In any kind of motion, the velocity is always equal to the derivative of the position along the trajectory, , with respect to time. This is why in Chapter 1 the derivative was called velocity, because it is not just the component of the velocity along the trajectory, but the velocity itself.
The acceleration vector is given by the derivative of the velocity vector with respect to time. Hence, the relation between the acceleration and the tangential unit vector can be found differentiating both sides of equation 3.4:
Note that the derivative of the tangential unit vector is not null because that vector is not necessarily the same at different instants. Figure 3.3 shows how to compute the variation of the tangential unit vector during the time interval of time shown in Figure 3.1. The tangential unit vectors at the beginning and end of the interval (points A and B) were placed in a common point and the variation of the tangential unit vector, , is the vector from the terminal point of the first vector to the terminal point of the second one.
Since the magnitude of is 1, the terminal points of the two unit vectors in Figure 3.3 are along an circular arc with radius equal to 1 and angle Δ . If the angle is given in radians, the length of the arc is Δ . In the limit as the time interval Δ approaches zero, the initial an final points A and B will be very close to each other, the vector will become perpendicular to the trajectory and its magnitude will be approximately equal to the length of the circular arc, Δ ; it is then concluded that the derivative of is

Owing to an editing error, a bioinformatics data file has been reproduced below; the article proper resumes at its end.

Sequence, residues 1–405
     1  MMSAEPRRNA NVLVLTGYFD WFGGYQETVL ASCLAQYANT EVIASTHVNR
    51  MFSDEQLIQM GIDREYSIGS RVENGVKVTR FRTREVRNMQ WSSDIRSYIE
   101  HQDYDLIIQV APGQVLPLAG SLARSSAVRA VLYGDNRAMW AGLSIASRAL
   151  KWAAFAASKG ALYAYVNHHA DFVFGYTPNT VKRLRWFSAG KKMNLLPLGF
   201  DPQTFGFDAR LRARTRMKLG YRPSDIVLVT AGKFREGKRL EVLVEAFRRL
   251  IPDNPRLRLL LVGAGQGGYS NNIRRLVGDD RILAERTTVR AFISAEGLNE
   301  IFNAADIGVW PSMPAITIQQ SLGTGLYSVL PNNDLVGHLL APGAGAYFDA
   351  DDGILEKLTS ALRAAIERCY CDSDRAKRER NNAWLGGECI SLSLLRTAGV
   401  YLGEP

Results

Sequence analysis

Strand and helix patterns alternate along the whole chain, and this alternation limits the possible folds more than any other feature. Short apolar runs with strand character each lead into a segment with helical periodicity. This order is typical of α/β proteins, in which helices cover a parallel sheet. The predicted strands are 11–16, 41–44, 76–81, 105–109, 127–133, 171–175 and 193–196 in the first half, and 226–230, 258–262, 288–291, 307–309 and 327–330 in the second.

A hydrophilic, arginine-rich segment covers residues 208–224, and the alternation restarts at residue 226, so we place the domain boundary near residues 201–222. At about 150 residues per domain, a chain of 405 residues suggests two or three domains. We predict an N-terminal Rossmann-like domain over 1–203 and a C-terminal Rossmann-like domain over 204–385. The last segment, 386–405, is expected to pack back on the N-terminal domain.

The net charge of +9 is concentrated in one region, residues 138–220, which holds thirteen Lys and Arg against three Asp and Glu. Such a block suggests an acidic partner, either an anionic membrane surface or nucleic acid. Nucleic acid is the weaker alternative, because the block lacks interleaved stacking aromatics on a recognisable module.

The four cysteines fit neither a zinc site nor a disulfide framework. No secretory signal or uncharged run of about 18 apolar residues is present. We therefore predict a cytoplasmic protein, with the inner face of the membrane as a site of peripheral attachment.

where is the normal unit vector, which is perpendicular to the trajectory and is the angular velocity. The expression for the acceleration vector is obtained substituting this derivative into equation 3.5:
In conclusion, the acceleration is a vector with components tangent and normal (perpendicular) to the trajectory. The tangential component, , is the tangential acceleration, which was introduced in Chapter 1. The normal component of the acceleration is equal to the product of the velocity and the angular velocity
Since the unit vectors and are perpendicular in any point of the trajectory, equation 3.7 implies that the magnitude of the acceleration, , is the length of the hypotenuse of a right triangle where the other two sides are the tangential and normal components of the acceleration; the Pythagorean theorem applied to that triangle leads to
The angle Δ that the tangential unit vector rotates is also to the same angle that the normal unit vector rotates. Figure 3.4 shows the normal unit vectors in the same points shown in Figure 3.1. Note that in A there are two normal unit vectors, with opposite directions, because the trajectory curves towards the top, before point A, and it then curves toward the bottom after point A. That type of point, where the direction of the curvature changes side, is called inflection point.